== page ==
To the editor:
As I am sitting here reading “Legislation would allow ads on school buses” (March 4) on the proposed legislation, sponsored by Sen. Patricia Miller, R-District 32.
I can’t help but wonder what the future will be like in 25 years. If we, the public, would look back 25 years into our past, we would see the beginning of today’s growing number of epidemics that plague our children in today’s society.
Childhood obesity was just beginning to be discovered, studied more closely and spoken about in medical circles.
The cause of this growing problem was as of then undiagnosed. After about 15 years of study by some of the world’s leading medical authorities and medical facilities, a conclusion was reached.
We — the public and more specifically our children — were the targets of specific advertising. The powers that be were using the airwaves, radio and TV, as well as the printed page media to tempt us with delicious, mouth-watering, delectable goodies.
At the same time, those same mystical powers were neglecting to tell us (the public) that eating these advertised delicacies in large quantities or on a daily schedule would cause weight gain of a very substantial nature.
Who among us would have ever dreamed that by eating a “super-sized” meal along with drinking a “super-sized” soft drink would be bad for our health.
The advertisements on TV were so mouth-watering, the photos in the print media looked good enough to eat. How could anything so wonderful and so beautiful be bad for us?
Well folks, today we are 25 years this side of back then. I really do not believe for one moment that anyone with a straight face can continue saying we do not have a problem because of the specifically directed advertisements back then.
Now, I am reading that Sen. Miller is sponsoring legislation that will allow school buses to become moving advertisements that travel through our neighborhood multiple times per day. Why? In the name of money, or specifically, the shortage of it.
Once again, it seems that our elected officials have decided that they — not the school systems themselves — can make things better.
Once again, returning to the not-that-distant past, we see that indeed it was our own legislators that created the issue for the school systems to begin with.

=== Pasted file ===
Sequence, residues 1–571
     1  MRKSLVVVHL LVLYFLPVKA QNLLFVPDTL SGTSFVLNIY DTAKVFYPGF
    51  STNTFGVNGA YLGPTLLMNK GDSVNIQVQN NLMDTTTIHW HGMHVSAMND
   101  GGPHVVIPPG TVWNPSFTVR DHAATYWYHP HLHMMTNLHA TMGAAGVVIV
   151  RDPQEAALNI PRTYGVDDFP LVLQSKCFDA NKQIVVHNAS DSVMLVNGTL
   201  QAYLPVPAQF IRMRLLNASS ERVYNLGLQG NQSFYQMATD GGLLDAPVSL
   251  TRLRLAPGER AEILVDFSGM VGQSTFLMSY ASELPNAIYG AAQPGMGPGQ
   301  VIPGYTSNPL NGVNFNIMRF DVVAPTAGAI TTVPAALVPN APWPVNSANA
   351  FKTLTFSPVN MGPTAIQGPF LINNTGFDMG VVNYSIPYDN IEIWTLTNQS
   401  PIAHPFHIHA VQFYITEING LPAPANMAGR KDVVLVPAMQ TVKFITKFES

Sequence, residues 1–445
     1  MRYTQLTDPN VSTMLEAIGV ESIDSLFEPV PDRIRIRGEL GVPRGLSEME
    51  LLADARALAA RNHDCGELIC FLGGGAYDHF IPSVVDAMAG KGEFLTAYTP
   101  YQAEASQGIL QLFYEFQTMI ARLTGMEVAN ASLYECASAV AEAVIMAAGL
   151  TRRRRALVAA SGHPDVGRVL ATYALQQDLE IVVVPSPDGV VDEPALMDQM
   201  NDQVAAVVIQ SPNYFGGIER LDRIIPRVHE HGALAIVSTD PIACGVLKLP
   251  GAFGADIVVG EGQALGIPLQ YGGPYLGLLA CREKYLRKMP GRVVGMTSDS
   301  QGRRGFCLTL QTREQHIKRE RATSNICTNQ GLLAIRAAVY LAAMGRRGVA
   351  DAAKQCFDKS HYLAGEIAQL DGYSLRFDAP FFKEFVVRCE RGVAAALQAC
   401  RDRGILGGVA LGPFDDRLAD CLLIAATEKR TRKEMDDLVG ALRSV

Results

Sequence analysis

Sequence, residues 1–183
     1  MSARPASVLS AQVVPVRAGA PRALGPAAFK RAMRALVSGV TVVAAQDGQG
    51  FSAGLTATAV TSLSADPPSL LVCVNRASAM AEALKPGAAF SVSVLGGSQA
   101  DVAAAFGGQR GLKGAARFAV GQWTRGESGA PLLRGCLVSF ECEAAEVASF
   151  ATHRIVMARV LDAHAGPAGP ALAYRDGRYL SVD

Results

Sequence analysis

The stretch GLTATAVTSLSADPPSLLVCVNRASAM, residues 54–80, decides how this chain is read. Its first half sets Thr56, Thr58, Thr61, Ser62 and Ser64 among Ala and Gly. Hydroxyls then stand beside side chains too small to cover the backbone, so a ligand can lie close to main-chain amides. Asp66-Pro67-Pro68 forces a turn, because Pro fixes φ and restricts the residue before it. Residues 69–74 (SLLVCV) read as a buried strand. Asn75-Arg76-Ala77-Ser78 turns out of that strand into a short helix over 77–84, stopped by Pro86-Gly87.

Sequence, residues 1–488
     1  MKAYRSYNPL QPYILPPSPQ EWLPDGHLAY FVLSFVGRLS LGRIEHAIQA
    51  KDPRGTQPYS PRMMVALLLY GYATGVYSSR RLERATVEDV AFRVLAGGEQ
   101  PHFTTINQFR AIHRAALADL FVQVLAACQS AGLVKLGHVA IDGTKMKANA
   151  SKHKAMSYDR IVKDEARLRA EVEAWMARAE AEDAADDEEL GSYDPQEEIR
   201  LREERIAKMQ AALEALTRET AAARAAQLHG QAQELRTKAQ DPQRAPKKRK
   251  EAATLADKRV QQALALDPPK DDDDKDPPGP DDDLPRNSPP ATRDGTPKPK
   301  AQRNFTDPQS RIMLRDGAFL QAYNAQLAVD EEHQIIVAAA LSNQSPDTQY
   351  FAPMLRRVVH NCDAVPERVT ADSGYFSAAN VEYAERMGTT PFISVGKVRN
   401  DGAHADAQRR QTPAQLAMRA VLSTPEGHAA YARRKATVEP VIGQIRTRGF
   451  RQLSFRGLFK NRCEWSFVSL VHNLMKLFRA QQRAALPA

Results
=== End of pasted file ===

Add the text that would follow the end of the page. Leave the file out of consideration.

Now, instead of tackling a hard problem that would create ill feelings for many voters, thereby putting the legislator’s re-election on the line, they want to take an easier route.
Sen. Miller is quoted in the article as stating, “There is no interest by the public to do anything about raising property taxes.”
Her statement is a partial truth; there is interest out here — the public asked for but did not receive a fair and just remedy on the property tax issue. If you wish to call that this is because of partisan politics or “party line” politics, fine; just don’t say that the public has “no interest” in this issue, that is not correct.
The proponents of this legislation may count among their membership the lobbyists for the soft-drink industry, lobbyists from the advertising agencies, lobbyists from the candy and fast food industry — oh, and yes — administration members of the cash-strapped schools. Strange bedfellows, if you ask me.
The arguments for this legislation are as compelling as any others printed; the school systems desiring to get in on this have “done their homework” and can foresee many thousands of dollars pouring into their coffers from allowing it on their vehicles.
Ironically, the single argument that was quoted in the March 4 article is concerning safety; stating that drivers are “not going to be paying attention” when reading the advertisement on the bus.
Suggesting that the children riding the bus or getting on/off the bus may be endangered by that distracted driver.
To myself and a lot of other folks out here, the true danger for our children here is once again specifically targeted advertisements, only this time they won’t be on TV, in a comic book, on a computer or in a movie theater. No, this time our children will be riding inside of them; every day to and from school.
I may not be around here in the year 2039; however, if I am, I think I will write another letter to the editor, and we will look this article over once again.
David A. Fishel